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The science of Coolsculpting began with a Popsicle. Scientists at Harvard University noticed that children had a tendency to develop dimples in their cheeks after eating frozen treats. The condition even has a name, Popsicle panniculitis, that refers to the death of fat cells in the facial area after exposure to cold.

Children and babies have more fatty acids in their cheeks and other parts of the face than adults do, which is why exposure to cold foods can cause damage to that fat. The researchers who developed Coolsculpting took things a step further and began to test using freezing temperatures to destroy fat cells in pigs.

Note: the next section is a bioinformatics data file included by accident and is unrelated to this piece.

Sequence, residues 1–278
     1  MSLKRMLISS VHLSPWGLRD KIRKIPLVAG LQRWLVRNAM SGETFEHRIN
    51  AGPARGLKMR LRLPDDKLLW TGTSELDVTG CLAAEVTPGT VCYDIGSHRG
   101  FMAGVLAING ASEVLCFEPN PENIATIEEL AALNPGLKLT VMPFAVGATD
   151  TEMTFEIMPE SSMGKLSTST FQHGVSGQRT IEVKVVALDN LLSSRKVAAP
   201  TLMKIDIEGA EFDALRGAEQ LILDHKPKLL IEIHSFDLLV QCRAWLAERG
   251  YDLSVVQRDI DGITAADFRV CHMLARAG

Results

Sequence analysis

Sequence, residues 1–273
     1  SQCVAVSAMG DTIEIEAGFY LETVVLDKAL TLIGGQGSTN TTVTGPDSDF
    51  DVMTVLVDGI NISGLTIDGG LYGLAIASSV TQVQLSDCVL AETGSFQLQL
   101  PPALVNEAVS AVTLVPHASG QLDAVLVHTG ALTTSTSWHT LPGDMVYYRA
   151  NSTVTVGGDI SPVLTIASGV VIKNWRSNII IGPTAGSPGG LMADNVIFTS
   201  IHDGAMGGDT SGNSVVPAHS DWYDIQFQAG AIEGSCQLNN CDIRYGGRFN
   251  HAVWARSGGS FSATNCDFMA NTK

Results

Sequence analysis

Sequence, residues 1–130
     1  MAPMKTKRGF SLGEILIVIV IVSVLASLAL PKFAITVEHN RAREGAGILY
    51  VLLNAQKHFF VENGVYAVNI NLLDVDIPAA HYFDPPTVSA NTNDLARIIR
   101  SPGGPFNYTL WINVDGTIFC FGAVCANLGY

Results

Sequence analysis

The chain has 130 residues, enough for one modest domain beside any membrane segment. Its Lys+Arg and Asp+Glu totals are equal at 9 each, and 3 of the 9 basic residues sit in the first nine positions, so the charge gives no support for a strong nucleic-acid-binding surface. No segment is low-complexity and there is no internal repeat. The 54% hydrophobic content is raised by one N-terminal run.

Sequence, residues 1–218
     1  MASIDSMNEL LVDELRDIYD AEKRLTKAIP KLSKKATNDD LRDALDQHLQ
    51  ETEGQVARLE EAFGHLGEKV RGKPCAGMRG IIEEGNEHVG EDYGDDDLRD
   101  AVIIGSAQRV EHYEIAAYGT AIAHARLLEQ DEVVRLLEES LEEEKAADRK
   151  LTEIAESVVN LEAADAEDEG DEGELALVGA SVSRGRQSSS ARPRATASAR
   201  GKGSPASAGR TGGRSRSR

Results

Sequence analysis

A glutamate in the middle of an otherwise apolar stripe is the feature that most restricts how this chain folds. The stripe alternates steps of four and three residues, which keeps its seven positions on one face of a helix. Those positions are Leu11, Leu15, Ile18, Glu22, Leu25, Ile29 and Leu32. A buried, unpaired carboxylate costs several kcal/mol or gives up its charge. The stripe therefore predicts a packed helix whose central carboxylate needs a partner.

Instead of simply putting Popsicles on the area, the scientists developed a suction device that exposes fat cells to cold temperatures for an hour at a time. Since only the fat cells are targeted, other areas, such as the skin cells, aren’t damaged by the cold.

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